I came straight from the bowels of this system, and I have written three books exposing the worst aspects of the military. If they haven’t yet cut my brake lines or shot me when I’m out fishing, then they didn’t kill Pat Tillman because he criticized the war in Iraq and read a book by Noam Chomsky...

There is nothing the Pentagon would rather do with this case, aside from making it evaporate, than turn it into a debate about whether Pat was assassinated or not. He wasn’t, and so they can not only poke fun at any of us who propose that hypothesis, they can relax as we all bark up the wrong tree.

What they do not want is a rigorous examination of the motives, decisions, and events that might lead a larger public to see how they have been spinning prevarications to call an imperial Oil War democracy-building. ...

And now, at last, I will briefly describe the cover-up.

Pat Tillman was the most well-known enlisted man in the entire military. When he enlisted, Pat received a personal letter from Secretary of Defense Donald Rumsfeld thanking Pat for his enlistment. So Pat was on Rumsfeld's radar immediately. The fog of fame began then as the spin on Pat's enlistment was that he took a break from a lucrative football career because of 9-11. That's not how it was. Pat saw young men being marched off to war; and he didn't want to use his talent as an exemption. It's different.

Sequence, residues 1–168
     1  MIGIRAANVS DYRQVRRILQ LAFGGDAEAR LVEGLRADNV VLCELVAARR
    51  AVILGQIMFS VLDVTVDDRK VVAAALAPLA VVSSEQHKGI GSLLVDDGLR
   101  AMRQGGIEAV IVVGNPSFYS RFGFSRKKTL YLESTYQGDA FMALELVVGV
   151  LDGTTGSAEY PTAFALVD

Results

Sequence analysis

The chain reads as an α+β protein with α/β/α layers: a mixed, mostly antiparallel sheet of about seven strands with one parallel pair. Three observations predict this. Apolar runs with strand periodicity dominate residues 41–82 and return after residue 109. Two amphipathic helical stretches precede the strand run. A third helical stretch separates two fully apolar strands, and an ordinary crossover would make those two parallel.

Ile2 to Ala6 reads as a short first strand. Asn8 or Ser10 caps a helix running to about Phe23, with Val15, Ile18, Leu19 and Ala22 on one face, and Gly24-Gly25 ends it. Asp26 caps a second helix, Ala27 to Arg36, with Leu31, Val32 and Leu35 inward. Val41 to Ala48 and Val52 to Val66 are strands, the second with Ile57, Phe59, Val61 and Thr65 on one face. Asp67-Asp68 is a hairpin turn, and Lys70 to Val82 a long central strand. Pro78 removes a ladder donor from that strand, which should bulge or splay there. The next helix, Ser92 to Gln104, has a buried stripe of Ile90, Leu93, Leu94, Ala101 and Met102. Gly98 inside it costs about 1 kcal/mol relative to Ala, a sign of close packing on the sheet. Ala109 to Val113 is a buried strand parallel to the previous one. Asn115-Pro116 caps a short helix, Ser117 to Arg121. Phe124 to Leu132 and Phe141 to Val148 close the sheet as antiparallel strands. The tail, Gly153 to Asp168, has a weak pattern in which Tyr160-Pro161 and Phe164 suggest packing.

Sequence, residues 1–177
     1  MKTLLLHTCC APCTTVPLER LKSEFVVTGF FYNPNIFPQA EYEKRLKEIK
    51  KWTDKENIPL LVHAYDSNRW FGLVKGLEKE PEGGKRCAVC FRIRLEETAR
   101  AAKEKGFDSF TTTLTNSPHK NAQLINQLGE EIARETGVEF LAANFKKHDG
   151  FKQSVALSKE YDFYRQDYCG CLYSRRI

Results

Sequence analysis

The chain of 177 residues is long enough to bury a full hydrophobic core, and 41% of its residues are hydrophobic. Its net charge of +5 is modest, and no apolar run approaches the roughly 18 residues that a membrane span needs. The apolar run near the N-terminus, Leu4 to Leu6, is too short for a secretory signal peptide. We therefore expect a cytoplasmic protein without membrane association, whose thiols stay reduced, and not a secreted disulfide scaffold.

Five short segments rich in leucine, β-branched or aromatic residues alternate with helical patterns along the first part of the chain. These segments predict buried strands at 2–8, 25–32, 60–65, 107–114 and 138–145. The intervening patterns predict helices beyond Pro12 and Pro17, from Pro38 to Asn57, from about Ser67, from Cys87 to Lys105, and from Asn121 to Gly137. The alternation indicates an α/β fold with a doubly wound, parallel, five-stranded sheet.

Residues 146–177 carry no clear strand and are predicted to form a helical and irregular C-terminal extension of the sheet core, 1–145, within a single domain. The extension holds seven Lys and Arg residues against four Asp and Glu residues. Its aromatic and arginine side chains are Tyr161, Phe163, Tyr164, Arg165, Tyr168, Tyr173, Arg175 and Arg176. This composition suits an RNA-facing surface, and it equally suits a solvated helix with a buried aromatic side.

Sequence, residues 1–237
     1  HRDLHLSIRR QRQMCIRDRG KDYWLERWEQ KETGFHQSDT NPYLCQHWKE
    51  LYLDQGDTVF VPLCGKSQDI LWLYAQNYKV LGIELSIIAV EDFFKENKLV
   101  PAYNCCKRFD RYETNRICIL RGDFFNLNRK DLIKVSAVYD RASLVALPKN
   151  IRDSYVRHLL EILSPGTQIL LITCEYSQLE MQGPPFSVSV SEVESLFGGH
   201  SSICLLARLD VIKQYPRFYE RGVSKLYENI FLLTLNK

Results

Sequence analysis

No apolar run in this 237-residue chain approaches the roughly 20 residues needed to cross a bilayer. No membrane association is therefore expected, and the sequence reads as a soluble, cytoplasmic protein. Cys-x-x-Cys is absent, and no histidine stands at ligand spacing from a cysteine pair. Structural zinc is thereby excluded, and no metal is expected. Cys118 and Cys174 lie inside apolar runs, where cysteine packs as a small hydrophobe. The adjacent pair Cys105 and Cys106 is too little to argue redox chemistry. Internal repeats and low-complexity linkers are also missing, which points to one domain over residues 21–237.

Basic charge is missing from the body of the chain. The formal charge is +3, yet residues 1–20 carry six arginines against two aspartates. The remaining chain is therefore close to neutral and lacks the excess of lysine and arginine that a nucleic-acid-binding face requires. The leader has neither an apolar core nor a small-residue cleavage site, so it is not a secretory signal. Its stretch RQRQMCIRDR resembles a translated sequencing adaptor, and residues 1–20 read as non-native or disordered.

The day Pat was killed outside Manah, officialdom developed a multiple personality disorder. On the one hand, there was bureaucrat's panic, because it was known almost at once that this was a case of "fratricide." On the other hand, the scriptwriters smelled a story with Pat's corpse propped up like a Greek statue that would draw all eyes away from the debacle of Fallujah-Najaf and the wanton racist cruelty of Abu Ghraib. So there was the bureaucrat's instinct to hide the facts in a period of waning legitimation; and there was the flack's instinct to tell a lie. Hiding a thing and lying about it are two different things, and they can be contradictory. That's how both the hiding and the lying began to unravel.